I hate the idea that what I am doing is creating a barrier for students hearing the Gospel and growing in their faith. As the four of us, (Darren, John, Leneita, and myself), have surveyed the youth ministry landscape, here are our personal opinions of what youth ministry needs less of in 2013. These are our personal opinions and are not meant to hurt or offend. Please know that we are simply sharing what we see as we look back and look forward this year. We hope to spark some good conversation and add some of your comments to this discussion…
(Leneita) In 2013, youth ministry needs less gimmicks: Yes, we should do whatever it takes to reach our youth. However, we often fail to stop and ASK our youth what they are looking for, or what they need. I have been challenged that students “do not know the answer to that question.” I totally disagree. We should be using quality curriculum and the excellent resources available. I have yet to meet a student who has told me that the smoke machine is what keeps them coming back to a group. When we fail to seek out what they are looking for we have missed a generation who hungers for relational authenticity.
(Darren): In 2013, youth ministry needs less whining. Working in ministry is not the easiest – or most lucrative job on the planet. Surely we knew that going in. Occasionally we vent – and we all need to do that. But sometimes we also need to suck it up. We make sacrifices for this calling. If we allow those sacrifices to steal the joy of serving God in this high calling, it may be time to re-evaluate what we’re doing and why we’re doing it. Has your venting turned into constant whining?
(John): In 2013 youth ministry needs less youth workers trying to mimic others, and seek Christ instead. I once heard Steven Furtick say that one of the reasons that we struggle with insecurity is that we compare our “behind the scenes,” to someone else’s “success reel.” This is an ironic statement from one of the youngest pastors in history of one of the largest and fastest growing churches in the US. So I look to Furdick and I think. “If I was younger. If I had more faith like he does. If I was a better communicator, then my ministry would be more successful.” Instead, what I should be doing is seeking the Lord. I should be pressing into him. My life should be about my relationship with HIM and then the ministry will follow. In Christ’s eyes he simply wants me to follow him, then he will tell me what my ministry ought to be. When I do this then he looks at me and says, “Well done good and faithful servant.” That is entirely the point isn’t it?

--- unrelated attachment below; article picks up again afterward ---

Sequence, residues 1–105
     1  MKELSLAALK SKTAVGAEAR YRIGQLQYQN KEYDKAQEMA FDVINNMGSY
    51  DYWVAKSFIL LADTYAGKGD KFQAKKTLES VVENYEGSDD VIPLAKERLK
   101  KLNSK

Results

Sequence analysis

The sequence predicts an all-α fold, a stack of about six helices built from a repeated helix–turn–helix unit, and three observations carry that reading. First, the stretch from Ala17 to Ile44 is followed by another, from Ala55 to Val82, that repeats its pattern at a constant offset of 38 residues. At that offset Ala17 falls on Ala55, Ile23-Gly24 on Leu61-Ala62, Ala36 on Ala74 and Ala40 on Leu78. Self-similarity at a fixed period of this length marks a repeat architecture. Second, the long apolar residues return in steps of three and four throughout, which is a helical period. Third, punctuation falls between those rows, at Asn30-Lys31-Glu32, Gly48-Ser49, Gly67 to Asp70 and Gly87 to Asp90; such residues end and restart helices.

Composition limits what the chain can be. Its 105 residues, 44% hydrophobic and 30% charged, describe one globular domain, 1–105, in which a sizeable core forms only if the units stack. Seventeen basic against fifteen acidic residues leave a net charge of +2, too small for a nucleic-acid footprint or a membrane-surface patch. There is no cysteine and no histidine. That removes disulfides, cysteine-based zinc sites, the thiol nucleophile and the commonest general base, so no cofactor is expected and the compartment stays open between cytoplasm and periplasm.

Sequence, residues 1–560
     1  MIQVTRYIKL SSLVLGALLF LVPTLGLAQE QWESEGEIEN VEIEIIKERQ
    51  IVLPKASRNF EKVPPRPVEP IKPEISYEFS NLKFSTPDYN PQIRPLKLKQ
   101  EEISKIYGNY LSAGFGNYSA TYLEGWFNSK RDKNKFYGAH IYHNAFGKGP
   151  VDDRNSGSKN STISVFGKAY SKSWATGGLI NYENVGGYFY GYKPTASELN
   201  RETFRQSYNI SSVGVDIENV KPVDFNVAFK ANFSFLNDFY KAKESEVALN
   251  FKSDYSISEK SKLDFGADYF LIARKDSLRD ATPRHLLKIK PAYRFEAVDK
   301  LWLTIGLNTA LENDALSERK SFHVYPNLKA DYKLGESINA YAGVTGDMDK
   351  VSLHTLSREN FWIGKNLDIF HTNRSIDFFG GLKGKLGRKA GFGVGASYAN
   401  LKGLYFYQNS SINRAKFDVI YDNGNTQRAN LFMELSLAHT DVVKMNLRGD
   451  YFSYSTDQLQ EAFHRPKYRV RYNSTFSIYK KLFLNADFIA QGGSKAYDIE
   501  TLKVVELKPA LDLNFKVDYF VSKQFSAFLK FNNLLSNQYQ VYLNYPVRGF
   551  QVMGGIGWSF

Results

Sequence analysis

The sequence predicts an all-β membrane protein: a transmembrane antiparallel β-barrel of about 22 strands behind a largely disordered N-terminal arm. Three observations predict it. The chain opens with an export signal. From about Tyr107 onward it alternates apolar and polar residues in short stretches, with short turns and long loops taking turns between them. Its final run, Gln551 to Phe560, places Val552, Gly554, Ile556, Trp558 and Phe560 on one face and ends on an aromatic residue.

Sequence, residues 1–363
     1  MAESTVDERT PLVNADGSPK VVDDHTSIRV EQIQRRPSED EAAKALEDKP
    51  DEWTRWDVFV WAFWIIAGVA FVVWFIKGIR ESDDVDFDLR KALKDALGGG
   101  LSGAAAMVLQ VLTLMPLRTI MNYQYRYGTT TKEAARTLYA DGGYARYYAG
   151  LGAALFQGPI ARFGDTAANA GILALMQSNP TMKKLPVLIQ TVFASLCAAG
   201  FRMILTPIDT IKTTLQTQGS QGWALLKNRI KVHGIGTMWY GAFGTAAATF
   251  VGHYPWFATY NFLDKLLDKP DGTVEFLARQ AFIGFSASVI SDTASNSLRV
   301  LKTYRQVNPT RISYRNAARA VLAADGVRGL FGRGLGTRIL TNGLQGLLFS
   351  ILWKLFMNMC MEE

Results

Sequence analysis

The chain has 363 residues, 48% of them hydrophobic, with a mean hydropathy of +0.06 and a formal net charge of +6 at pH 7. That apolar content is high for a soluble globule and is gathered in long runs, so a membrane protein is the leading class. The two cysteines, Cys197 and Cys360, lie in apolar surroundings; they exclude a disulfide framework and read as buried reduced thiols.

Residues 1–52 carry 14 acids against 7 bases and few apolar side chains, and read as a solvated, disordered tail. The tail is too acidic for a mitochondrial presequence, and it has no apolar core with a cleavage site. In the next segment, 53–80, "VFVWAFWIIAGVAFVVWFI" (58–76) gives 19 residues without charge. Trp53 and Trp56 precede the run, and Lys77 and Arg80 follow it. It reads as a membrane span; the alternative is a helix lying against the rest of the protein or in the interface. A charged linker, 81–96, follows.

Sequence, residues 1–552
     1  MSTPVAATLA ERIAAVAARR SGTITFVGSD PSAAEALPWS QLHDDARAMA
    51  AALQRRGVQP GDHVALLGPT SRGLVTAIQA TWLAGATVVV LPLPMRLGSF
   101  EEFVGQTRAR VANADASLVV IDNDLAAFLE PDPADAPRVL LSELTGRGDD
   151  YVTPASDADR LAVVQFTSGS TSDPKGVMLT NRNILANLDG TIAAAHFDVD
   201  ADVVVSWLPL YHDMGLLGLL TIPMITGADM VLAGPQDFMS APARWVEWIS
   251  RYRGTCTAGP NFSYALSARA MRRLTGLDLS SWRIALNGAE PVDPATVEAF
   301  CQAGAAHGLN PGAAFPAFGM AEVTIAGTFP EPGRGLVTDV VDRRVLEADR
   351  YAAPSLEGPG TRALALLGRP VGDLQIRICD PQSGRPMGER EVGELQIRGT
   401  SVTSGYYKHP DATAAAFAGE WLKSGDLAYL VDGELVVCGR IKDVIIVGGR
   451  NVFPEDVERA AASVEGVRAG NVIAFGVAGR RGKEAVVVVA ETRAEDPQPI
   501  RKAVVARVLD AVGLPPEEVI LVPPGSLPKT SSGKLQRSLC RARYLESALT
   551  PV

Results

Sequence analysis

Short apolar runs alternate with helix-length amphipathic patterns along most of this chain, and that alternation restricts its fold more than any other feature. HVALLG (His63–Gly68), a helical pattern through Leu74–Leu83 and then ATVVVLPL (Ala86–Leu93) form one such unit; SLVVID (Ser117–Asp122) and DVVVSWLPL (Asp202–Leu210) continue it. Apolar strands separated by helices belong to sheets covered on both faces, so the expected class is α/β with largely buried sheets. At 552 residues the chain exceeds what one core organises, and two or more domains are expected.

(Phil) In 2013 youth ministry needs less disorganization. If you follow my posts you will often see a tendency to talk about strategy, planning, and productivity. I know that youth ministry is not a business and much of our work is relationally driven and our schedule must be flexible. However, I am not talking about becoming rigid in what we do, I am simply saying that we need to avoid being overly disorganized and winging most of what we do. By choosing to be last minute and disorganized we are choosing to live in what Tim Elmore calls ‘repair’ mode. In other words our ministry becomes broken by our lack of planning. In addition, students, parents, and leaders around us will never take us seriously when we fail to plan. Not only that, we will frustrate those around us…
What does youth ministry need less of? What have you learned in the last year that you need to get rid of in your youth ministry? What would you add to this list? What do you disagree with on this list?
Our next post… What Youth Ministry Needs More of in 2013